4.0 Operating Instructions

A Hands On Quick Start Guide

For the impatient, we will offer some quick examples before going through a comprehensive review of gwreports features. For this guide, we will assume you have downloaded and installed the full gwreports module on a suitable test system. It installs just like any CMS module.

A 2 minute introduction

Go to the CMS administration area and enter the gwreports module Reports tab. Choose the Add Report link near the bottom of the page. On the Add New Report page enter the following:

Name: Engines
SQL Query: select * from information_schema.ENGINES
Then click the Add button. You should now be on the Edit Report page. Near the bottom of the page, there is a Test button. Try it. You should now see a report of the storage engines available on your MySQL server.

Now, let's add it to a menu. Below the report is a Topics link, follow it. You will be back in the administration area. Follow the Add Topic link near the bottom. Fill in a Report Topic such as "Testing" (and add Description if you like.) Click Add.

Now from the bottom of the Edit Topic page, follow the Reports link. You should see the "Engines" report we entered a moment ago. Click on it. You should see the definition for our report on the Edit Report page.

Here we want to set three things that will make our report visible:

Authorized Groups - pick one or more groups (i.e. Webmasters)
Assign to Topic - pick our "Testing" topic
Is Active - set to Yes
Then save your changes. Then go to the gwreports module through the system main menu. You should see a menu for the "Testing" topic listing the "Engines" report. Click on the link to view the report.

A more in depth example

In the previous example, we saw the mechanics of adding a simple query as a report selectable from a menu. This example will demonstrate report parameters and column formatting.

Add a new report named "Logins" with the following as the SQL Query:

select uid, uname, email, last_login
from {$xpfx}users
where last_login between {begin} and {end}
While you are at it, also set the Authorized Groups and Topic. From the report editor, follow the "Add Parameter" link in the Report Tools area near the bottom (just below the Test button.)

On the Add Report Parameter page, enter the following:

Parameter Name: begin
Title to Display: Begin Date
Parameter Type: date
Default Value: monday this week
Now, click Add. Now, we need to add another parameter, so follow the "Add Parameter" link in the Report Parameters area (with no parameters, it was called the Report Tools area.)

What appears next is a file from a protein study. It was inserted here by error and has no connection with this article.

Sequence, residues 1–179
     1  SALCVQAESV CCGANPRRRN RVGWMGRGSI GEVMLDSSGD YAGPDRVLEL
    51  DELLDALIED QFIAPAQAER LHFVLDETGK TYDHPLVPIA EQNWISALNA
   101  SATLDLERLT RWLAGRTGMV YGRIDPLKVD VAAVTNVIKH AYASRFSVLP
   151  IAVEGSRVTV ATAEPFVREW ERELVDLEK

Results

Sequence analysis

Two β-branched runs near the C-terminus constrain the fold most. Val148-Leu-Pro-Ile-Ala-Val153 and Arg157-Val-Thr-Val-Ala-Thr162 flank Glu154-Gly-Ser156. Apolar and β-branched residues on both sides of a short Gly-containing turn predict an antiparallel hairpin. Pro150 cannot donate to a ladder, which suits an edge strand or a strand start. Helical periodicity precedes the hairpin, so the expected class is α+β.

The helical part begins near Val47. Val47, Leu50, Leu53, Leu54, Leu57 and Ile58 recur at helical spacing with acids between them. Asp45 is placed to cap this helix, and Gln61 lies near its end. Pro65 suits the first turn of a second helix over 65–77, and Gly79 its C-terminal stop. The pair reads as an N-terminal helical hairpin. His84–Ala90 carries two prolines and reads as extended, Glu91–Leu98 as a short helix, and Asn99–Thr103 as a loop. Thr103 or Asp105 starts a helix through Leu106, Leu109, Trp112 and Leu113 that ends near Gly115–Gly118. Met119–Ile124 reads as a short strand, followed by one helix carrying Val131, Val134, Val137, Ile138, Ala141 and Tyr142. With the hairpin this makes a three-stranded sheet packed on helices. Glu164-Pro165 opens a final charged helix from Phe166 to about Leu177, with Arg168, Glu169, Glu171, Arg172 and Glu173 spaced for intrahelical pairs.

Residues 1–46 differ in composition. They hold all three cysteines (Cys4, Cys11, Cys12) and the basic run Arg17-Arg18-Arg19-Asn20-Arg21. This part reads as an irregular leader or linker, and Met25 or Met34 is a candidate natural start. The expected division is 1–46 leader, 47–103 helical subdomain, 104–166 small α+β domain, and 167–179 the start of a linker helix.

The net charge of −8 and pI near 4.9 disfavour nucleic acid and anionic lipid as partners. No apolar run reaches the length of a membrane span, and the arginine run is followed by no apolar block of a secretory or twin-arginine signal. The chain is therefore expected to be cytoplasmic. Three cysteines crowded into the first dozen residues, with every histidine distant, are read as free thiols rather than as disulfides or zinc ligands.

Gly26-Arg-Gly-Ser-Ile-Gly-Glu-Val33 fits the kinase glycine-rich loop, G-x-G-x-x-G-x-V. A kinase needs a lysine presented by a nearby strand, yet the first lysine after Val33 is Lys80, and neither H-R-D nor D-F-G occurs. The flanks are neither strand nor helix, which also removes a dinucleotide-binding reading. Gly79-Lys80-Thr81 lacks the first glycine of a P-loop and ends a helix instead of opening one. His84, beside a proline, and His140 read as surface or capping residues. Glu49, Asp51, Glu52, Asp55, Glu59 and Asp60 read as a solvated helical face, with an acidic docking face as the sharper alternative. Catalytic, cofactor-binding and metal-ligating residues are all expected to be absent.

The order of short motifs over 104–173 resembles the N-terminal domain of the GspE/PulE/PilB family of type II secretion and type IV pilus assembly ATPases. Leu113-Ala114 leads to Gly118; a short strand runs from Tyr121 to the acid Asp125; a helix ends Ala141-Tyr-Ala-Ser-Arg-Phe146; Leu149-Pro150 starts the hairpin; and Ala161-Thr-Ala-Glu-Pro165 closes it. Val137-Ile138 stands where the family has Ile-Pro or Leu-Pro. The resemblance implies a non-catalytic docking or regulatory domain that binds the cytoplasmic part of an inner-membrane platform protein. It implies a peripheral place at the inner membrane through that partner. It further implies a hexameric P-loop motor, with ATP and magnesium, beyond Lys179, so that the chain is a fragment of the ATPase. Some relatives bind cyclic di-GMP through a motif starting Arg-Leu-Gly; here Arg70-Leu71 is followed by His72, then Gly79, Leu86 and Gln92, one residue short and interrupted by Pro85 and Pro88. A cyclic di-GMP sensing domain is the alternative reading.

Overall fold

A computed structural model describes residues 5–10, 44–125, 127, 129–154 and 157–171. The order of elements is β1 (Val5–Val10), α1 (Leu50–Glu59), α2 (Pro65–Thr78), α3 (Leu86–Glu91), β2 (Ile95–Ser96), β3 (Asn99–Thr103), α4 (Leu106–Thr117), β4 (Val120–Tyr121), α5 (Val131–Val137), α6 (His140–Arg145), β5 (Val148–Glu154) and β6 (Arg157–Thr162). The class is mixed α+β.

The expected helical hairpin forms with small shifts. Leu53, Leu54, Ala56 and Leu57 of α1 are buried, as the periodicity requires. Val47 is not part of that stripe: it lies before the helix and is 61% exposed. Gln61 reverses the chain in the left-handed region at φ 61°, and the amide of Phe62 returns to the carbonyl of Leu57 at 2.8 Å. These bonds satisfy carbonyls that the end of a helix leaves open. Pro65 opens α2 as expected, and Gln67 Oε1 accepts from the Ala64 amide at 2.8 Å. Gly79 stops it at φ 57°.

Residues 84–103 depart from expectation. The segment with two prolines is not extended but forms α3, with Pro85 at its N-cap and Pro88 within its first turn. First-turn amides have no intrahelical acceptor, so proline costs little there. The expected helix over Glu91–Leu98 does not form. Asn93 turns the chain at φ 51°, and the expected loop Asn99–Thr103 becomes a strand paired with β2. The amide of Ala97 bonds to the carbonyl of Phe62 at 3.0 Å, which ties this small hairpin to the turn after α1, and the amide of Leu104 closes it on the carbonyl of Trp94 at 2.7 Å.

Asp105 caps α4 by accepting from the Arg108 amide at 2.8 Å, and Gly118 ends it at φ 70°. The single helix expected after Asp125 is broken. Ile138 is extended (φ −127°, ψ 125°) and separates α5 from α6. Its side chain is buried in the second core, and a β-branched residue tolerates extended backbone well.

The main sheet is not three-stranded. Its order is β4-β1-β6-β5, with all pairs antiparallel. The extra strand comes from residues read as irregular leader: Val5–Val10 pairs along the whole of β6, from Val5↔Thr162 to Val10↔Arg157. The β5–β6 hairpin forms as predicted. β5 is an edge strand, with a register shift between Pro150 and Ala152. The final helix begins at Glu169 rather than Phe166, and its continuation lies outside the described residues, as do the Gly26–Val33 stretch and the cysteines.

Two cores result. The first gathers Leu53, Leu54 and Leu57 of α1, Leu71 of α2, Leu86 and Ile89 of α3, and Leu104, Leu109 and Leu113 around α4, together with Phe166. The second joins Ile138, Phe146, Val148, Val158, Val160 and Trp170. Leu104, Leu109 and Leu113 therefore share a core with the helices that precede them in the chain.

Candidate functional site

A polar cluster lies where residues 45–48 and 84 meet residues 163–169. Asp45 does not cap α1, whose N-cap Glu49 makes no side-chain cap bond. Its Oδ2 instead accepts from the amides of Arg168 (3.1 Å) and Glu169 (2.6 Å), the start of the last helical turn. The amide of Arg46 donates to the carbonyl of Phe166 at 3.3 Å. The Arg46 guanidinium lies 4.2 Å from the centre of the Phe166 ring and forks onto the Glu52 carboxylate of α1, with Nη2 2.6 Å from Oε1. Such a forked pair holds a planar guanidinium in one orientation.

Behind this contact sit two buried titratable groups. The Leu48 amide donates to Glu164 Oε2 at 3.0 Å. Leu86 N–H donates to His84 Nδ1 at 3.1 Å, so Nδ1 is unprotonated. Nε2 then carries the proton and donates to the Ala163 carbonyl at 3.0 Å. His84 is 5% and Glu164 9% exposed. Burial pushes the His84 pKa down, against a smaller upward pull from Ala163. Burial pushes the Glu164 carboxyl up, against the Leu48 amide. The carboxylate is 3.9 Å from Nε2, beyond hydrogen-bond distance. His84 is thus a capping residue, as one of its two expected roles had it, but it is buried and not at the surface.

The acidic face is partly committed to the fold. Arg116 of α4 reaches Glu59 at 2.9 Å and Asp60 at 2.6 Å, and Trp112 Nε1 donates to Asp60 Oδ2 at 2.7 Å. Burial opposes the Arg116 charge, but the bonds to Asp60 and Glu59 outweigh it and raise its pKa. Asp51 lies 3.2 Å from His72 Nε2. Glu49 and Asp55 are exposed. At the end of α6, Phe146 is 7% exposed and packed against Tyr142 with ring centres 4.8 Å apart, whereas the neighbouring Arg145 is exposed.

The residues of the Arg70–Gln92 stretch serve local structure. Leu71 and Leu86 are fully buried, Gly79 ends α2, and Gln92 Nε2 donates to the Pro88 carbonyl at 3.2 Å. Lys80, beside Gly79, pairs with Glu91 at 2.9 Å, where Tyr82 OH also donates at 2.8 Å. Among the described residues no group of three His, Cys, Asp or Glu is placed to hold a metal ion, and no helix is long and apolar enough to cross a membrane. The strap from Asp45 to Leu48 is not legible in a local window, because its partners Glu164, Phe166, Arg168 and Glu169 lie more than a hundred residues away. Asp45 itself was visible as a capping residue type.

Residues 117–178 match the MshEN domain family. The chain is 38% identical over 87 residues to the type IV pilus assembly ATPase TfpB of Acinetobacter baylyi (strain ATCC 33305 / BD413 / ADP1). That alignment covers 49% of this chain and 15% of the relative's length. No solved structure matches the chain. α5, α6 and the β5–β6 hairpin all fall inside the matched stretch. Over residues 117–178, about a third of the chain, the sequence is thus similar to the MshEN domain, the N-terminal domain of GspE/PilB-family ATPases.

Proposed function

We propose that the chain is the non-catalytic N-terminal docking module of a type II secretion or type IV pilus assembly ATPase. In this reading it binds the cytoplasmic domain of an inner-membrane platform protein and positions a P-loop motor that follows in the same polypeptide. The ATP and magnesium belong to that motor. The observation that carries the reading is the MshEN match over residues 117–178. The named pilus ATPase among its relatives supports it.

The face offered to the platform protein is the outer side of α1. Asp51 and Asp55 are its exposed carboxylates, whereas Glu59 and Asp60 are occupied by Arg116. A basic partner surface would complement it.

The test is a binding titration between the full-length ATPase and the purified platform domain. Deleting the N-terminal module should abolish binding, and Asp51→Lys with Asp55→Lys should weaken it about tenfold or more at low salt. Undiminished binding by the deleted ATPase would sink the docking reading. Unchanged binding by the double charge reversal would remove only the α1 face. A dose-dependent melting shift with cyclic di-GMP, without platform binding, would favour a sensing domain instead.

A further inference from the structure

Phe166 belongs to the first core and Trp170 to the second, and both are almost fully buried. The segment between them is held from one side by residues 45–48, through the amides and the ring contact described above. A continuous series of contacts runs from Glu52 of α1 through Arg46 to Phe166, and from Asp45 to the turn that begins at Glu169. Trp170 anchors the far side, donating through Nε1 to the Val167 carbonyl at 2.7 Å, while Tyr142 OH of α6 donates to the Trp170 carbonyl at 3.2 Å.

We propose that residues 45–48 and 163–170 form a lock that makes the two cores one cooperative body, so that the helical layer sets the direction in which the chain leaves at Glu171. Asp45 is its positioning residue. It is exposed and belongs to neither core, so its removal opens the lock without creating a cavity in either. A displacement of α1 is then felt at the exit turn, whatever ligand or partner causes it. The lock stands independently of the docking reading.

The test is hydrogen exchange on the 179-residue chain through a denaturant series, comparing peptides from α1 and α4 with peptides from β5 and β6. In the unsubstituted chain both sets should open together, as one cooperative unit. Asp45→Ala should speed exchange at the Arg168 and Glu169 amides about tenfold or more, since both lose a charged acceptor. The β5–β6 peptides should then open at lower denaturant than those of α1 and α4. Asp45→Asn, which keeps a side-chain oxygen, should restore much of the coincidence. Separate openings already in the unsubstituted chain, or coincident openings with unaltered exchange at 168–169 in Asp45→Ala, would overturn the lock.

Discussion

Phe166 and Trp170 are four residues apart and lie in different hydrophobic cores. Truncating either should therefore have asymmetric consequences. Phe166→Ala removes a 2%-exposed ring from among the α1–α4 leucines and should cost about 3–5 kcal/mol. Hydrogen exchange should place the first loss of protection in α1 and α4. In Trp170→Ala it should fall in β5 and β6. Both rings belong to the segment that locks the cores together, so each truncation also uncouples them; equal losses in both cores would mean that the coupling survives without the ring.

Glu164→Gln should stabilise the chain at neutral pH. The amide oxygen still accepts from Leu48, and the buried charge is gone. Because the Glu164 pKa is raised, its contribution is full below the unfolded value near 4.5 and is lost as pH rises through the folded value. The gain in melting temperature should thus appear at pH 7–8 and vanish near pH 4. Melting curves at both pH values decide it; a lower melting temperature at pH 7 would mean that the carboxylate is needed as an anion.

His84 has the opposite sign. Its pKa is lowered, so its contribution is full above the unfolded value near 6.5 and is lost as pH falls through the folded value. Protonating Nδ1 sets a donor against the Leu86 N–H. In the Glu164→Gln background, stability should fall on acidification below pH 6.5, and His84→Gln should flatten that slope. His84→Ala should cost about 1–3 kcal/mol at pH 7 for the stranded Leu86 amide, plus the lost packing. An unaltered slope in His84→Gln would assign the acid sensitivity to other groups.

For the second parameter, enter the following:

Parameter Name: end
Title to Display: End Date
Parameter Type: date
Default Value: tomorrow
Click Add. Now click Test in the Report Parameters area. You should see a listing of user(s) who have logged on to the system this week. It is rather ugly. What is up with that last_login column?

Click on the last_login column header. Welcome to the Column Format editor.

For right now, enter the following:

Display Title: Last Login
Column is Unix Time: Yes
Then, click Save. Test the report again.

To help see how this all fits together, click on the Logins link in the Report Sections area to see our query again. "{begin}" and "{end}" refer to the parameter names we entered.

The brackets serve to make them identifiable in the SQL. By declaring them as date types, gwreports showed them as a date entry form input. The default values we entered got passed through the PHP strtotime() function before being displayed, so that wonderfully versatile function made sense of "monday this week" and "tomorrow" turning them into a actual dates. When we clicked Test, the query was executed with the unix time versions of our begin and end parameters substituted for the "{begin}" and "{end}" respectively. The {$xpfx} is a predefined parameter, that substitutes as the database prefix for your CMS. That just serves to makes it easier to move a query between systems.

Lets go one step further. Test the report again. Click on the uname column header. Enter the following:

Display Title: Username
Extended format: <a href="{$xurl}/userinfo.php?uid={uid}">{uname}</a>
Then save, and test again. Notice that the Username column in the report is now a link to the system user info page. In the Extended format, we can reference any column by using the column name in brackets, uid as {uid}, uname as {uname}, etc. There is also another handy predefined substitution, XOOPS_URL as {$xurl}.

One more fun trick, enter the column editor with the uid column. Set Hide this column to Yes and save. Test the report again. The uid column is hidden from view, but still used in the uname link.

So far we have learned that we can declare parameters and reference them within our SQL, and we can make formatting changes to columns with the column editor. To complete this example, go back and edit the report. We need to set the following:

Is Active:  Yes 
Now go check out how the report functions from the user side. All of the editor functions are gone, and you have a report that looks, feels and functions like a part of your CMS.